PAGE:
FRUIT AND VEGETABLE FACTORY BY-PRODUCTS
India is emerging as a major producer of fruits and vegetables in the world. The country produced about 50 Mt of fruits and 90 Mt of vegetables. Currently there are about 20,000 fruits and vegetable processing units in the country due to which less than one per cent of the total produce is processed, though the installed capacity of the processing industry has grown steadily. The main problem in the utilization of waste materials from fruit preservation factories is their high water content and transportation.
Mango (Magnifera indica) Seed Kernel/Cake: Mango seed kernels are the by- products from the fruit canning industry after the extraction of kernel oil. The rough estimates show that the availability of the kernel may be in the neighborhood of about 1.35 Mt per year. Extensive work has been done on the utilization of mango seed kernel as a livestock feed,. It contains 6 per cent DCP and 70 % TDN. It is rich in tannins which may vary from 5 to 7 % and can be used as one of the ingredients in livestock rations. The kernel meal has been successfully used as a constituent of the concentrate mixture up to a level of 40 % without any detrimental effect on adult Kankrej bullocks.
Tomato (Lycopersicon Esculentum ) Pomace: India produces about 8.6 MT of tomatoes as estimated for the year 2007. It consists of skin, pulp and seeds after the extraction of juice from the tomato fruits (20 %) in the canning industry. The residue after drying and grinding becomes a good feed ingredient for feeding ruminant animals. Dried and ground tomato pomace contains about 1.5 % DCP and 41 % TDN and can replace satisfactorily the bran component on equi-weight basis up to one-third portion of a concentrate mixture.
Citrus Waste: Citrus fruits are abundantly produced throughout the country (2.1 Mt) and mainly include malta (Citrus spp.), orange (C. aurantium) and grape fruit (C. paradise). Lemon and lime also fall in this group. Citrus fruit wastes contain 6-8% crude protein and 9 to 12% fiber with a nutritive value of 1.5-2.0% DCP and 74.0% TDN. Citrus pulp is palatable, cheaper and can form up to 25% of concentrate mixture for dairy cattle as a source of energy. Dried citrus waste can be included up to 30% in the concentrate mixture for ruminants.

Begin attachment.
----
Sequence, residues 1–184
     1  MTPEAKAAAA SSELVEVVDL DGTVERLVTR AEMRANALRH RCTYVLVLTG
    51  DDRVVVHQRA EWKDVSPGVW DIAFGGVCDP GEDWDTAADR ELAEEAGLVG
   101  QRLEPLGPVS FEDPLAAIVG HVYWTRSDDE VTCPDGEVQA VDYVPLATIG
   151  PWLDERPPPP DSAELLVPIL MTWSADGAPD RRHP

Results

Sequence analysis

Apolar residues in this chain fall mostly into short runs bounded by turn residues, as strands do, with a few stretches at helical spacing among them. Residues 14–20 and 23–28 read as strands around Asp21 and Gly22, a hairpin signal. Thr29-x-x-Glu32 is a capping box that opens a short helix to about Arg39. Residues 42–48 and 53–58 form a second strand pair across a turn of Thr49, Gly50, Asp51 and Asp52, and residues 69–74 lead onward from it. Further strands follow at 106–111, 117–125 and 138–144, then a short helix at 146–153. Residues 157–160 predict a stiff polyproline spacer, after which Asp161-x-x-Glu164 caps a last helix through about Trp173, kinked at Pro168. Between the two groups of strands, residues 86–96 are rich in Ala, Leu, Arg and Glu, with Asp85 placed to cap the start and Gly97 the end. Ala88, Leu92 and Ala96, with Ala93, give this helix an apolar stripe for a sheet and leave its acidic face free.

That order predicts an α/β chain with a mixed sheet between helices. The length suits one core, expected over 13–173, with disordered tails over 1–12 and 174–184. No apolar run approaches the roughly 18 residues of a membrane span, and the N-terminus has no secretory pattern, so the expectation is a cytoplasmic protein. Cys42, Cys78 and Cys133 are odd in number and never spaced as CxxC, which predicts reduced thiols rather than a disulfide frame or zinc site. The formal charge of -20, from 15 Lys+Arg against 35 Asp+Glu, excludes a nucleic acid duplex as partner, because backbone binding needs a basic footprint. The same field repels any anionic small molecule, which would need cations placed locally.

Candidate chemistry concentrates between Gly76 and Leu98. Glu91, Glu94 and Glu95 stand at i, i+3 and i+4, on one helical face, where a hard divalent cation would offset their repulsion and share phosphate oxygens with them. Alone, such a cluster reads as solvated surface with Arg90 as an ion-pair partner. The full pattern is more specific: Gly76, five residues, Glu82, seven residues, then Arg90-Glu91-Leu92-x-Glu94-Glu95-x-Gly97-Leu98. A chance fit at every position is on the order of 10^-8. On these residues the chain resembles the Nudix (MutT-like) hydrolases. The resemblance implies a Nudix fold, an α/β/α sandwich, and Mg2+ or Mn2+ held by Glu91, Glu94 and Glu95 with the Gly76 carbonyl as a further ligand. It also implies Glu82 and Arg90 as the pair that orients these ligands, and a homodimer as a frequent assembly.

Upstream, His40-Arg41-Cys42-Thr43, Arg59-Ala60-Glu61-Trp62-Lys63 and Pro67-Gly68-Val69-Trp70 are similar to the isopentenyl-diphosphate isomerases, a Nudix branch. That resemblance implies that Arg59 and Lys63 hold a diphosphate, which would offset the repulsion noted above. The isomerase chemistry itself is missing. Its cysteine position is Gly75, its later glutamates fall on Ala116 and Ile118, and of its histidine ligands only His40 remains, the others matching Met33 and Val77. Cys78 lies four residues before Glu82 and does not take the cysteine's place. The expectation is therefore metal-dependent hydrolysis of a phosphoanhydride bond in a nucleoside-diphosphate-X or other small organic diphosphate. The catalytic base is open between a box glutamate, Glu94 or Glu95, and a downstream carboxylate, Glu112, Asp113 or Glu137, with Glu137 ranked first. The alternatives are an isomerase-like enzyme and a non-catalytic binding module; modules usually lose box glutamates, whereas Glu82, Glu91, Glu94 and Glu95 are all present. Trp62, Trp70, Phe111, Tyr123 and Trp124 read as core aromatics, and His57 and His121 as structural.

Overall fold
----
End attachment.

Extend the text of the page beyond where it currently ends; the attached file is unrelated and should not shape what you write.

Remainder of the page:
Citrus Peels: These include dried and ground citrus, orange and lemon peels that can be used as one of the ingredients of concentrate mixture meant for ruminant feeding. The citrus peels can be included up to 33 % level in the concentrate mixture without any adverse effect.
Banana (Musa paradisiaca) Waste: India produces about 21.8 Mt of different varieties of bananas. The wastes are by-products of banana harvesting and packing. They are mainly fed to cattle and buffaloes in India. Banana stems are being fed to pigs in countries like China traditionally. The discarded waste fruits usually represent about 10-20% of the total crop. Bananas have a high energy and low protein content and can be fed either raw or chips or after making silage.
Pineapple (Ananas comosus) Wastes: Pineapple is the third most important commercial tropical fruit crops in the world. The annual production of pineapple in India accounts to 1.1 Mt during the year 2007. Pineapple wastes of potentially high value for livestock feeding are available in plenty in states like Himachal Pradesh and Jammu & Kashmir. It’s nutritive value is equivalent to cereal grains on a dry matter basis. These wastes are being fed extensively in fresh form to feed-lot cattle with success in countries like Philippines , pineapple it is fed in ensiled form together with poultry litter molasses, vitamin and mineral supplement in Malaysia.
Apple (Malus sylvestris) Pomace: Apple promace is mostly available as fresh having 85 % moisture content during apple season, as a residue of apple juice industry and has a very good palatability. It is dried and made available for inclusion in the compound feed industry. Locally it is fed to livestock in a fresh form as energy source in the rations of both to ruminants and poultry